Growing the North, northwest Alberta’s prime industry development conference is just around the corner. Starting with a Taste of the Peace showing local food industry producers and chefs, the Growing the North Conference is all about exploring, much like an adventure.
Being exposed to new ideas is only half the adventure, the other half is delegates working the conference to network with a range of experts on industry topics and community leadership.
Most delegates at this conference will do very well with their personal and operational (internal workplace responsibilities) networking opportunities (see Harvard Business Review table below). It’s like see old friends and get re-acquainted.
A much more difficult form of networking is at a strategic level. This targets industry developments and trends at 20,000 feet, putting them into a context of a future scenario, and seeing what it all means today at the community level. The experienced GTN Conference knows that and in doing so, uses the conference to (1) understand how what is happening in an industry can lead to future likelihoods and (2) building a strategic network from the pool of conference delegates, can help form an action team to do actionable items today.
“The key to a good strategic network is leverage: the ability to marshal information, support, and resources from one sector of a network to achieve results in another”. It’s about building of strategic leadership to set a course for action. Once the leadership network gets a direction, then the personal and operational networks come into play.
“The word ‘work’ is part of networking, and it is not easy work, because it involves reaching outside the borders of a person’s comfort zone.”
Growing the North is an event where networking is encouraged.
How to get the most of industry trends and future opportunities? When most groups undertake planning exercises, for example strategic plans, they often focus their attention on the short-term with a view to seeking improvements to the present situation: improvements like achieving efficiency, reducing costs, solving an issue and exploring opportunities, all very much in the present day. GTN encourages its’ attendees to look at major trends and extrapolate a number of scenarios of the future. Having positive and negative scenarios side-by-side, helps business or community leaders see how their decisions could lead to positive and negative outcomes. It can help answer the question,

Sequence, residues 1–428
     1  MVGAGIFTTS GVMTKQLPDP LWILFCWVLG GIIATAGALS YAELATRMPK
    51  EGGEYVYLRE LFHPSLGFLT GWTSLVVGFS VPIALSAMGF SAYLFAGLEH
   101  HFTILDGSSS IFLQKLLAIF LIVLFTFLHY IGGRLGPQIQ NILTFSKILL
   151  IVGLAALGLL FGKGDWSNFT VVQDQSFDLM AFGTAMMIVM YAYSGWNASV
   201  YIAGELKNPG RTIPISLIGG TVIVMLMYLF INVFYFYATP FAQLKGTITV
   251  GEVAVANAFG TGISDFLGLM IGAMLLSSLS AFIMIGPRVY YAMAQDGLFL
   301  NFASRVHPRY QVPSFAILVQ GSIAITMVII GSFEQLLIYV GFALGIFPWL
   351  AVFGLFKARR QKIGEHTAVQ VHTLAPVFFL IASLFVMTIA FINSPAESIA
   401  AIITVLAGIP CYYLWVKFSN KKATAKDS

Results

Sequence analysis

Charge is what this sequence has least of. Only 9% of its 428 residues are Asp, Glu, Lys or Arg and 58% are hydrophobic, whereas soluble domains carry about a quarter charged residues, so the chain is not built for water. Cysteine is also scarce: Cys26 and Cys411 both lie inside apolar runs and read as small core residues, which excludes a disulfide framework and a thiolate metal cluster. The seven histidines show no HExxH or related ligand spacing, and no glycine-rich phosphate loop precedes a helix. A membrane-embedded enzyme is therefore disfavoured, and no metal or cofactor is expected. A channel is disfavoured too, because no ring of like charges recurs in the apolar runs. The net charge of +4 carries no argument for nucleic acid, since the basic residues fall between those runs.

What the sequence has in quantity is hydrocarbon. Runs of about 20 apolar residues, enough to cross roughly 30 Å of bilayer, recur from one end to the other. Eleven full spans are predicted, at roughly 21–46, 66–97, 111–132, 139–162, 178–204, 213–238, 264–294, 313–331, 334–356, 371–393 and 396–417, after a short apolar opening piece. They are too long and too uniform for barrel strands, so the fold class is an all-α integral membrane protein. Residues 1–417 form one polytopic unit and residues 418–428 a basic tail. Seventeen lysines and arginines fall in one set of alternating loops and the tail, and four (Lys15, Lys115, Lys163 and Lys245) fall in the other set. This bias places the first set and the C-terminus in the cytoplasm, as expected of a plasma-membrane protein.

“How do the decisions I make today, support what I want to see or achieve in the future?”
GTN provides outlooks into possible futures. Couple that, with people who share those outlooks and also more importantly want to do something about the future, and you have the ingredients to form a strategic network on an action item of mutual interest.
For example, the topic on the Internet of Things (IofT) presentation by TELUS will showcase what tomorrow could look like in respect to technology. Many of these technologies are yet to be developed. And their future innovators and entrepreneurs have yet to be educated or begun exploring their future career paths or business ventures. And as a business or municipal leader interested in business development, you can set the stage for that innovation and entrepreneurship to occur today.
Many of these technologies are yet to be developed. And future innovators and entrepreneurs have yet to be educated or begun exploring future career paths or business ventures. And as a business or municipal leader interested in business development, you can set the stage for that innovation and entrepreneurship to occur today.
If you are attending Growing the North, let’s meet and share ideas on innovation and entrepreneurship opportunities in your business and community: it’s about moving ideas forward to better influence and manage change.